April 2, 2104
Kingaroy’s controversial $6.5 million Taabinga Downs development – which includes a 116-lot relocatable home park – looks set to get the go ahead after all, despite a negative vote at the South Burnett Regional Council’s March meeting.
An extraordinary meeting of Council will be held at 3:00pm on Friday, April 11, to consider a motion to rescind the March 19 vote which effectively gave the project the thumbs down.
If this is passed, the original motion to approve the development – which will be marketed as an over-50s lifestyle village – will then be re-voted on at the meeting.
At the March council meeting, three councillors (Mayor Wayne Kratzmann, Deputy Mayor Keith Campbell and Cr Deb Palmer) voted to accept a recommendation from council staff to approve the development, and four councillors voted against it (Crs Damien Tessmann, Barry Green, Ros Heit and Kathy Duff).
Mayor Wayne Kratzmann said today that although he had voted for the development, he had accepted the outcome of the vote and supported the decision of his council.
However, less than 48 hours after the vote – and before Council had lodged the decision notice – The Planning Place, acting for the developers, wrote to Council saying they believed they had rights to appeal.
“The CEO needed to respond to this and asked for an immediate preliminary legal review,” Mayor Kratzmann told southburnett.com.au.
Councillors were briefed on the results of this legal review on Monday morning.
“Cr Green then notified me that he was going to issue a rescission notice,” Mayor Kratzmann said.
This notice was lodged with all South Burnett councillors today.
If the rescission motion is seconded and approved at the extraordinary council meeting, then the original motion recommending the approval of the development will be voted on.
As Cr Green was one of the negative votes that defeated the motion previously, it could be expected that if the other votes remain the same, the motion would then be passed.
The recommendation from Council officers to approve the development came after months of negotiations between the parties, with multiple changes to the application to overcome hurdles identified by council staff.
Deputy Mayor Keith Campbell told southburnett.com.au he was “absolutely for” the development, which also includes a child care centre (which had already been approved), shops, duplexes and triplexes.
“I believe that the developers ticked all the necessary planning boxes,” he said.
He believed there was no real strength in the objections that had been offered by his fellow councillors that the development did not fit the Community Plan or the Desired Environmental Outcomes (a core part of the Town Planning scheme).
“We have to make the decision on planning grounds, that’s the issue; and that is how it is looked at in the Planning and Environment Court,” he said.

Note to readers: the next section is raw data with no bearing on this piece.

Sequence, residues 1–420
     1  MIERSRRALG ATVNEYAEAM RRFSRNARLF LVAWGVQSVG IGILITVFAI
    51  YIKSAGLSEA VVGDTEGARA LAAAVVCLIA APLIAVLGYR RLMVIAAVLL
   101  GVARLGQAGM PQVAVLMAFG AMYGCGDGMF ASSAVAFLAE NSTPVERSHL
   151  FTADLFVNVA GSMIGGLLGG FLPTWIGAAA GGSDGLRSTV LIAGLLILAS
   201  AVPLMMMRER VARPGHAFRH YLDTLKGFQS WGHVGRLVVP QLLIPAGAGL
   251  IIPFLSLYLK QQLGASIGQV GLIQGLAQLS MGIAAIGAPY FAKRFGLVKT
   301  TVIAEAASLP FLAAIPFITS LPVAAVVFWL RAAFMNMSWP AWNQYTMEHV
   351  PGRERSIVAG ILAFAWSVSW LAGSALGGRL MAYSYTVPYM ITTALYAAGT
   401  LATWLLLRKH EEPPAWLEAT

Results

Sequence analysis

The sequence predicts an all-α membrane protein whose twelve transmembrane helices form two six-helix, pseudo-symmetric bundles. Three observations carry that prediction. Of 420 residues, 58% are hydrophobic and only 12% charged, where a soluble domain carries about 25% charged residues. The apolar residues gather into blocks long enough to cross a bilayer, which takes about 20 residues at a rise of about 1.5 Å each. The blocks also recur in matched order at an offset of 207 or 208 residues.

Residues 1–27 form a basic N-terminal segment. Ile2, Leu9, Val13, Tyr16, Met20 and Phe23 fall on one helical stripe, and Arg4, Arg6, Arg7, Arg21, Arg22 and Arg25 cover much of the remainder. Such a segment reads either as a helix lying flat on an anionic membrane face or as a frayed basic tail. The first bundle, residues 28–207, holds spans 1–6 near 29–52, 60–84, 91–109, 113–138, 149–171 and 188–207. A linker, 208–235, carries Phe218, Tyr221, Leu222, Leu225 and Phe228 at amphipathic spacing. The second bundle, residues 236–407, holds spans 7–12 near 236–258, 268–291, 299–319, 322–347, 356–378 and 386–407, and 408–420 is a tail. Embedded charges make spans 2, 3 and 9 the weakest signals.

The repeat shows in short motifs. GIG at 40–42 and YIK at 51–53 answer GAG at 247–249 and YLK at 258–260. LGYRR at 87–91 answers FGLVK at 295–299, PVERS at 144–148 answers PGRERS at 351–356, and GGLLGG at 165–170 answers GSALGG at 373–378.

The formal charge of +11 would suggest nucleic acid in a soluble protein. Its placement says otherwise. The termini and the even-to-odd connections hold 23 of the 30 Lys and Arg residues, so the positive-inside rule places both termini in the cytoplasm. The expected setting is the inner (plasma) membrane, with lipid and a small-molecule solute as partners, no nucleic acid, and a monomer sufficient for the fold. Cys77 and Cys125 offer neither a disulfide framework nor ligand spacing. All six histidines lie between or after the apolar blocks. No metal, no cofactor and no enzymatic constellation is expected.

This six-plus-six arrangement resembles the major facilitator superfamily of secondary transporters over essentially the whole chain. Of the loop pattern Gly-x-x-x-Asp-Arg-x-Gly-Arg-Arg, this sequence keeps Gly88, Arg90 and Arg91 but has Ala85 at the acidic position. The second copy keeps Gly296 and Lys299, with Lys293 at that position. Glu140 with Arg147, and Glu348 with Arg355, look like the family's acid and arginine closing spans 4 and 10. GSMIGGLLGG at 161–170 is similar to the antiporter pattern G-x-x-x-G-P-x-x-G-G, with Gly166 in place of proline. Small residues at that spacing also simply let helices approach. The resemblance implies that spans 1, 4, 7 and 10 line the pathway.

Mayor Kratzmann would not speculate on the outcome of the vote but said it was an extremely complex issue and he was conscious of Council’s legal costs.
“Planning decisions are open to be contested in court,” he said.
“We have worked our backsides off to be fiscally more responsible.
“We are working on our third Budget and we have a very small surplus, which I am very proud of.
“But there will be nothing in the Budget for ‘shocks’.”
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Reaction to the news so far has been negative:
Jackie Allery (Raine & Horne, Kingaroy)
The pressure of legal action is often just that … threats. I understand council made an informed decision against this particular development after community consultation. What has changed? The reasons for council’s decision were valid and documented. It’s a narrow development providing low-cost housing which you cannot hold a mortgage on, cannot let or sublet, and can only occupy if over 50 years old. That narrows the market. They won’t sell so the developer will go back to council and rules will be changed. Then let’s see who lives in them! The buildings are pre-fab, not great for our local tradies or local suppliers. Furthermore the glut of housing will devalue our house valuations therefore lowering the rates income. I hate to swear, but (remember) “Memerambi”. If and when these houses are complete, who is going to live in them? Memerambi is now our area’s problem to be solved, probably by the rate payers. We don’t need another problem yet!
Jane Erkens (Nanango Real Estate)
They have one in Nanango but it has never really sold. They will be a disaster. There are not enough people to buy here. Most of our “over 50s” market are looking for small acreage. Some have got out of “over 50s” villages elsewhere. Also, we have dodgy public transport for the elderly who often need to travel to Brisbane for specialists.
And on social media: “Late April Fool’s joke I hope, mate!”
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